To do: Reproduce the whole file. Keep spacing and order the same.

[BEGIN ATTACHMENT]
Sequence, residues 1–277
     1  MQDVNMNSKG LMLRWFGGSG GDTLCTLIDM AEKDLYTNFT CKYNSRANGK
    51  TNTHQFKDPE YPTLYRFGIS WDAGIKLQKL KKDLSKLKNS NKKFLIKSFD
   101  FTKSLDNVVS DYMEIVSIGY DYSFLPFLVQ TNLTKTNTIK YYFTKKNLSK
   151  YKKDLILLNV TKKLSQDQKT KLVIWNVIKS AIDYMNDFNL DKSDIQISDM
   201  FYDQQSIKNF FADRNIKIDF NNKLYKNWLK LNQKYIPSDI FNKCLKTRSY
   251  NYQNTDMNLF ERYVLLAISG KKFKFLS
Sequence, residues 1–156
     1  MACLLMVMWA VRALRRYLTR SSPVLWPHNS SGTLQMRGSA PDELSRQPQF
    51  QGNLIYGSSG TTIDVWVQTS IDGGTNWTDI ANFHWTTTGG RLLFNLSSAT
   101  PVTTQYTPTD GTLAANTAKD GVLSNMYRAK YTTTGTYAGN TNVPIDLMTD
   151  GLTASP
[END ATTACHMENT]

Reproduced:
Sequence, residues 1–277
     1  MQDVNMNSKG LMLRWFGGSG GDTLCTLIDM AEKDLYTNFT CKYNSRANGK
    51  TNTHQFKDPE YPTLYRFGIS WDAGIKLQKL KKDLSKLKNS NKKFLIKSFD
   101  FTKSLDNVVS DYMEIVSIGY DYSFLPFLVQ TNLTKTNTIK YYFTKKNLSK
   151  YKKDLILLNV TKKLSQDQKT KLVIWNVIKS AIDYMNDFNL DKSDIQISDM
   201  FYDQQSIKNF FADRNIKIDF NNKLYKNWLK LNQKYIPSDI FNKCLKTRSY
   251  NYQNTDMNLF ERYVLLAISG KKFKFLS
Sequence, residues 1–156
     1  MACLLMVMWA VRALRRYLTR SSPVLWPHNS SGTLQMRGSA PDELSRQPQF
    51  QGNLIYGSSG TTIDVWVQTS IDGGTNWTDI ANFHWTTTGG RLLFNLSSAT
   101  PVTTQYTPTD GTLAANTAKD GVLSNMYRAK YTTTGTYAGN TNVPIDLMTD
   151  GLTASP